Reports of eight ambulances left waiting outside ED during Cork hospital 'status black' warning

A 'black escalation level' had to be declared at Cork University Hospital (CUH) as there was such a severe backlog of patients in the emergency department.

A black escalation, according to HSE guidelines, means the emergency department (ED) and other parts of the hospital are in a "critical position and clinically unsafe”.

Because of the extreme congestion being experienced at the hospital people were warned on Monday night that they would have to wait over 12 hours for treatment.

There were 70 admitted patients waiting for beds at CUH yesterday when management moved the status of its ED down to “high demand”.

Tanaiste Simon Coveney was quizzed by Opposition leaders and TDs in the Dáil about the need to issue a status black escalation warning.

Sinn Féin president, Mary Lou McDonald said she understood a status black escalation was declared on Monday night when the hospital was at maximum capacity and when it was deemed unsafe to admit further patients.

She said there were reports that during the status black escalation up to eight ambulances were lined up outside CUH's emergency department waiting to transfer patients.

“I am told that one of those ambulances was forced to wait for more than four hours. That is the sort of situation that puts patients and staff at serious risk and it is unacceptable,” she said.

Mr Coveney said Ms McDonald was right that a serious challenge had arisen in CUH and they were responding with the seriousness that was needed.

“We need to and are putting the extra resources and the priority systems in place to respond to that in accordance with the needs of patients there,” Mr Coveney added.

Ms McDonald also pointed out there were more patients on trolleys in University Hospital Limerick than in Dublin's nine hospitals combined on Monday.

“I am sure the Tánaiste will agree this is shocking,” she said.

A spokesperson for CUH said its ED was experiencing severe congestion over the last 24-48 hours due to "increased patient attendances".

She said management were implementing additional measures and patient safety was the "utmost priority".

- additional reporting by Evelyn Ring

Delays of up to 12 hours at Cork hospital during 'status black' warning

Update 3.55pm: Major crowding issues at Cork University Hospital on Monday evening and Tuesday morning dominated proceedings in the Dáil during Leaders' Questions.

Tánaiste Simon Coveney was questioned by Opposition leaders and TDs about the need to issue a 'Status Black' escalation warning at the hospital, with patients attending the emergency department facing extreme delays of up to 12 hours and with services reaching breaking point.

“A status black escalation is declared, I understand, when the hospital is at maximum capacity and when it is deemed unsafe to admit further patients,” Sinn Féin President Mary Lou McDonald said.

“There were 70 patients on trolleys in Cork University Hospital this morning, with 570 patients on trolleys across the State. Yesterday, in Limerick there were more patients on trolleys than in Dublin's nine hospitals combined, according to the INMO. I am sure the Tánaiste will agree that this is shocking,” she said.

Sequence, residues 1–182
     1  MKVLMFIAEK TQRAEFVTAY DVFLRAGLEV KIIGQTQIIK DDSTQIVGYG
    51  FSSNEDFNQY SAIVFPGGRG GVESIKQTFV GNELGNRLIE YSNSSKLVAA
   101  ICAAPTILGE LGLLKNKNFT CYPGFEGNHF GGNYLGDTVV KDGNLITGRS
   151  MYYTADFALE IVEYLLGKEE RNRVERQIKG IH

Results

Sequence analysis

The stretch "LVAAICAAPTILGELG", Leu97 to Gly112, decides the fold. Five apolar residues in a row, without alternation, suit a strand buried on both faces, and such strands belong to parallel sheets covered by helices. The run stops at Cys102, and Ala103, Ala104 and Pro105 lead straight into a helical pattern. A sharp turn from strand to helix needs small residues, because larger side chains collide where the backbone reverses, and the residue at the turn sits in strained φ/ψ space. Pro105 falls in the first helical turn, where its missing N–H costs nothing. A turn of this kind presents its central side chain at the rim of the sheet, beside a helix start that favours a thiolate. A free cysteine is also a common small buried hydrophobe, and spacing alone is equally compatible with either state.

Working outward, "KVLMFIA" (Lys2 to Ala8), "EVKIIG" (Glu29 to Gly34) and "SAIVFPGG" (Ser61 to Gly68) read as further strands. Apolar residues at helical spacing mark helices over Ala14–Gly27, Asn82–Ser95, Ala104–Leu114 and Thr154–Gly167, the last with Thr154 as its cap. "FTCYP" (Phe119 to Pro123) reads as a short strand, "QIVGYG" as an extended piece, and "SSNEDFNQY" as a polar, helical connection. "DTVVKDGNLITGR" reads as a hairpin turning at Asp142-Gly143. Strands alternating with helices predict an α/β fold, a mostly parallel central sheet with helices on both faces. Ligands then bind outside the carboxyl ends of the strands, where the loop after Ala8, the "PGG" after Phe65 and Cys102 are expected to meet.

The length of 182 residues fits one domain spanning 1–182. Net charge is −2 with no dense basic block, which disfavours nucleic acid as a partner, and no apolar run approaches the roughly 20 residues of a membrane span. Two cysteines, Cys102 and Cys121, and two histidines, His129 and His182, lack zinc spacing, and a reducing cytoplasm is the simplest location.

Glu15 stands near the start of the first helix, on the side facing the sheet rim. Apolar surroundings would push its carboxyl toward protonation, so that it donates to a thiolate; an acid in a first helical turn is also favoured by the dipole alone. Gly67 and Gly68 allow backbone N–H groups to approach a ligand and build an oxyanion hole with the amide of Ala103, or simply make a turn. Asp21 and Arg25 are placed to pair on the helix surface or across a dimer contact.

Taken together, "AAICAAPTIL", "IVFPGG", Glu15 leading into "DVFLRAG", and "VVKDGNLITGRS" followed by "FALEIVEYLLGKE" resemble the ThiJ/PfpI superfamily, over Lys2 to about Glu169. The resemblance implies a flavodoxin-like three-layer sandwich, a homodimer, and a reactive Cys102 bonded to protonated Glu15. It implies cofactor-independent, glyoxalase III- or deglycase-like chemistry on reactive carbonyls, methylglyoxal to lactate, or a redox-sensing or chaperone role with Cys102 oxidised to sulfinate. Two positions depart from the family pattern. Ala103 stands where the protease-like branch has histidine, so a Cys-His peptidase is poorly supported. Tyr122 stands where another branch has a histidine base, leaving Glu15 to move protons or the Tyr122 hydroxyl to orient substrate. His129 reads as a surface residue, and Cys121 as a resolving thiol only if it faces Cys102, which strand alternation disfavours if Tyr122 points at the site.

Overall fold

There are also reports that during the status black escalation up to eight ambulances were lined up outside the accident and emergency at Cork University Hospital waiting to hand over patients, she said.

I am told that one of those ambulances was forced to wait for more than four hours. That is the sort of situation that puts patient and staff at serious risk and it is unacceptable.

In response, Mr Coveney said the number of patients waiting on trolleys in Cork University Hospital was 55 and on Tuesday morning the Health Service Executive, HSE, trolley system reported 431 patients waiting on trolleys nationally.

This is an increase on the same day last year when there were 296 patients on trolleys, he said.

“The number of patients waiting on trolleys at Cork University Hospital this morning is exceptionally high. The HSE identified specific issues and challenges on the site,” he said.

"The first was a significant capacity demand mismatch, with high rates of attendance and admission and a low rate of discharges."

The hospital remains in a full-capacity protocol, with the highest trolley count this year on the site.

Key actions are now underway in Cork University Hospital to improve the position for patients and these actions include full mobilisation of all resources, escalation meetings with both the group chief executive officer and chief compliance officer and meetings scheduled with consultants, Mr Coveney added.

“The Deputy is right that a serious challenge has arisen in CUH as of last night and again today. We are responding with the seriousness that is needed. We need to and are putting the extra resources and the priority systems in place to respond to that in accordance with the needs of patients there,” Mr Coveney added.

Ms McDonald responded by saying the status black escalation, as the Tánaiste knows, is essentially a declaration that a hospital is no longer safe.

“It was dangerous. I described the scenario for the Tánaiste, with ambulances lined up outside the hospital and one that I know of that waited for more than four hours to hand over a patient.

"This is a very serious accident waiting to happen and it is playing out on this Government's watch,” she said.

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